‘How to improve communication’ is by far the topic that most of my clients struggle with. And believe me: not one of these people is what you would call a bad communicator!
These days, doing your job well doesn’t solely rely on how you handle the content of your work. Your ability to effectively communicate with your colleagues, relevant stakeholders and your team has a huge impact on how you are perceived. I even believe that if you are in a position of leadership, either formal or informal, approximately 80% of your work consist of being an effective communicator.
So no wonder that so many of us struggle with our communication: it makes all the difference!
Communicating effectively, the way I see it, has several layers:
1 being able to explain what is important to you,
2 understanding fully what is important to the other person,
3 finding a way forward that works for both (this can be anything, so also a way forward that only works temporarily, scheduling a moment to talk further or agreeing to not agree).
The 3 tips I want to share in this article are directly related to these 3 layers, but I am going to give them to you in reverse order. That is because being an amazing communicator actually starts with what you believe about the best end result.
3 tips to improve communication
1) Improve your perspective on the best result
It all starts with your perception of what the best end result will look like.
Do you believe the best result is when everyone accepts your point of view?
Or when you come to a definite win/win solution?
Or when you are able to show how the other person is wrong?
Or … (fill in whatever you believe)
What you feel to be the best result for a meeting will greatly influence how you show up for the conversation, how you will interact during the conversation and at what point you will consider the conversation completed.
I’ve often experienced how intensely occupied people are with their preferred end result and the problem is that this greatly limits their perspective on what is actually going on during the meeting.
If you are focused on a specific end result, you are putting on blindfolds. You limit your ability to recognize possible better outcomes and opportunities.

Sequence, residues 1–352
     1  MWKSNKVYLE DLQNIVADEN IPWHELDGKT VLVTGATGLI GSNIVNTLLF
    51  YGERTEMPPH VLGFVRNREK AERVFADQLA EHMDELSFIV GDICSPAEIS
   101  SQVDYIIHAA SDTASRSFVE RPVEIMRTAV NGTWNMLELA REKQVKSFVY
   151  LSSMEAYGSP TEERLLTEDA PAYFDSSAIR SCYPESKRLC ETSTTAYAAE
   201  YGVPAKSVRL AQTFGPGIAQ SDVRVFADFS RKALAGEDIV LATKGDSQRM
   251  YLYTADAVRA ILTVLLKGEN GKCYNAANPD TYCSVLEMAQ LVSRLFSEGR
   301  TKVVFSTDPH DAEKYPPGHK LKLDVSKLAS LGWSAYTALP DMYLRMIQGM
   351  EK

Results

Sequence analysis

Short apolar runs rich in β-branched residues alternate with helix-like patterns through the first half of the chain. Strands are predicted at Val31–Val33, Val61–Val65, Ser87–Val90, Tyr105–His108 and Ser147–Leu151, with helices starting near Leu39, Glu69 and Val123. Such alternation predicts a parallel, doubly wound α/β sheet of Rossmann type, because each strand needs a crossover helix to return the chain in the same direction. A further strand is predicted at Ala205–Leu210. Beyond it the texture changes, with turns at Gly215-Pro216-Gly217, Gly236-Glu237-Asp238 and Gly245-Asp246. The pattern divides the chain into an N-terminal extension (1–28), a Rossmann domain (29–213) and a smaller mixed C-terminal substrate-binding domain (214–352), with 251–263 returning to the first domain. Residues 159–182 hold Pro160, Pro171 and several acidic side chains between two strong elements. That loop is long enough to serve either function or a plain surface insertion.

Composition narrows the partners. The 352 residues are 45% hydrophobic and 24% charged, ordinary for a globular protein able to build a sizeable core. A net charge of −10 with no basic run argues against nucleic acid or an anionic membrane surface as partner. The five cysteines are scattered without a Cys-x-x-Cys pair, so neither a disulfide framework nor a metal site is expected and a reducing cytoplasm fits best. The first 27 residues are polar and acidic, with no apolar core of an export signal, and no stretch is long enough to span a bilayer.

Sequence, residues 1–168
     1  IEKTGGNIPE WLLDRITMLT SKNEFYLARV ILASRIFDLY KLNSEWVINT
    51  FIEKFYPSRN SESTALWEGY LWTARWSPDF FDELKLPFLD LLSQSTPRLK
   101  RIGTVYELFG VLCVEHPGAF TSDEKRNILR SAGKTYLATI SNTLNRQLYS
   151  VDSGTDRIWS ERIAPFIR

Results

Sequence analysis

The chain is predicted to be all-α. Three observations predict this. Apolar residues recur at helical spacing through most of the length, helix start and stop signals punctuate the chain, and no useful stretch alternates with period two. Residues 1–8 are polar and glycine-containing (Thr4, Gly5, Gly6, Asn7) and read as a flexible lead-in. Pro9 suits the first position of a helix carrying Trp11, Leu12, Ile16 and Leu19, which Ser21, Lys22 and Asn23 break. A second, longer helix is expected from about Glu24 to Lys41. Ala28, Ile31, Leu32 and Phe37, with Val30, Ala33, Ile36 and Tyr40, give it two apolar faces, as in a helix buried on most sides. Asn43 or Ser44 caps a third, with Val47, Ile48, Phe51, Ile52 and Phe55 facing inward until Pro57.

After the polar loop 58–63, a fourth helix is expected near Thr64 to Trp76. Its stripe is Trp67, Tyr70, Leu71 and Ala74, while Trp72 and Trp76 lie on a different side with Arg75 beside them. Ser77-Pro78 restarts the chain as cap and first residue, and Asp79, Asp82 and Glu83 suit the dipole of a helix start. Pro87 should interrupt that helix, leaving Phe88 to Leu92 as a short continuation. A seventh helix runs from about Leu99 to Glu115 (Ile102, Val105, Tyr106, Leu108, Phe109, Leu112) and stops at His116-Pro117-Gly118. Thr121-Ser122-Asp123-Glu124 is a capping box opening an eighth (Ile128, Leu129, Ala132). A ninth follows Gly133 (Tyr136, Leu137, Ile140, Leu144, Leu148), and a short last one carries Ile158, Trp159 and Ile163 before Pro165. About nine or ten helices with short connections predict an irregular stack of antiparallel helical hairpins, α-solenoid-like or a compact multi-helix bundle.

And even worse: focusing on a specific end result brings a limiting energy into the meeting. And as like attracts like or simpler said, as you ‘reap what you sow’, this will invoke a similar limited mindset in your partner in dialogue, driving both of you away from creative ways to move forward.
I always advice my clients to broaden their perspective of what success in conversations looks like.
I believe the best approach to success in communicating with others, is to focus on what wants to happen in this particular situation and then finding the best possible next step.
This isn’t as hard as it sounds: setting an intention before every meeting, to just reach the best possible outcome at this time or ‘the best way forward right now’, creates open-mindedness, allowing you to recognize opportunities and the best possible outcome when they come along.
2) Improve your listening
This may seem to be an open door, but what I mean goes way beyond the standard ‘hearing the other person out’.
The kind of listening I’m talking about is the one beautifully mentioned in this quote by Stephen R. Covey:
“Most people do not listen with the intent to understand; they listen with the intent to reply.”
‘Listening with the intent to reply’ stands in the way of really and fully understanding what is important to the other person. Because as long as you are being quiet to ‘hear the other person out’ while in the meantime considering what to say next to best make your point, you really, really cannot listen fully to what the other person says.
And thus, you cannot really and fully understand what the other person wants.
And if you don’t really understand what the other person wants, you can not find the most effective way forward.
So do yourself a favour and practise listening to understand, instead of preparing your own contribution. The best way to do that in my experience is to learn to trust that your contribution will take care of itself at the right moment.